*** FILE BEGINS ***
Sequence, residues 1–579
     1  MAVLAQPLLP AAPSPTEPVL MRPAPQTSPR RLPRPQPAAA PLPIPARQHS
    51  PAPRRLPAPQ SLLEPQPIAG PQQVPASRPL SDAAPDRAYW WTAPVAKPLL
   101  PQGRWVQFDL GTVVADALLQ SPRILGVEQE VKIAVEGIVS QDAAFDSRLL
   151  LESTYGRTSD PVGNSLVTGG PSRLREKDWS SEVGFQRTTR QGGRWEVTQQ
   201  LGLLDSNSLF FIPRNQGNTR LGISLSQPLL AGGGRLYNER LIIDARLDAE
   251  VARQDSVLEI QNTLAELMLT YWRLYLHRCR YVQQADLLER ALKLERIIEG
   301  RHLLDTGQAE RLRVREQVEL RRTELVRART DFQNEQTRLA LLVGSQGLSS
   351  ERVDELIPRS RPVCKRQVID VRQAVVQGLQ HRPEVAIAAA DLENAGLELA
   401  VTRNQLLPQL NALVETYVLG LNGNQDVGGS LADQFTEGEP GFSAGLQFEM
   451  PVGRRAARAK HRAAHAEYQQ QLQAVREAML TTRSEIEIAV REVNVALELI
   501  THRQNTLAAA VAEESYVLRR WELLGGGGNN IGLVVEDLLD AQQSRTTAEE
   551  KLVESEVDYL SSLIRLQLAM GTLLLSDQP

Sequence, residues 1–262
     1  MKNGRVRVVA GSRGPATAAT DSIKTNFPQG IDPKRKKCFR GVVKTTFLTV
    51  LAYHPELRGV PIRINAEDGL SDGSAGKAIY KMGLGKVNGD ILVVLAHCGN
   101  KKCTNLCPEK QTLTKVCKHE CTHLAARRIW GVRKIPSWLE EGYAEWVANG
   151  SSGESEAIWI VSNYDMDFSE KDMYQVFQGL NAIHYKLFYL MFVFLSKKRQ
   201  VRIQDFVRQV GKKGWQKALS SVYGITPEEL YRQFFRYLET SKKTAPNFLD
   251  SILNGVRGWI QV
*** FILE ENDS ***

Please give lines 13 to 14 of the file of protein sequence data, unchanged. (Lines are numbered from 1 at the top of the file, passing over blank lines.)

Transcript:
   551  KLVESEVDYL SSLIRLQLAM GTLLLSDQP

Sequence, residues 1–262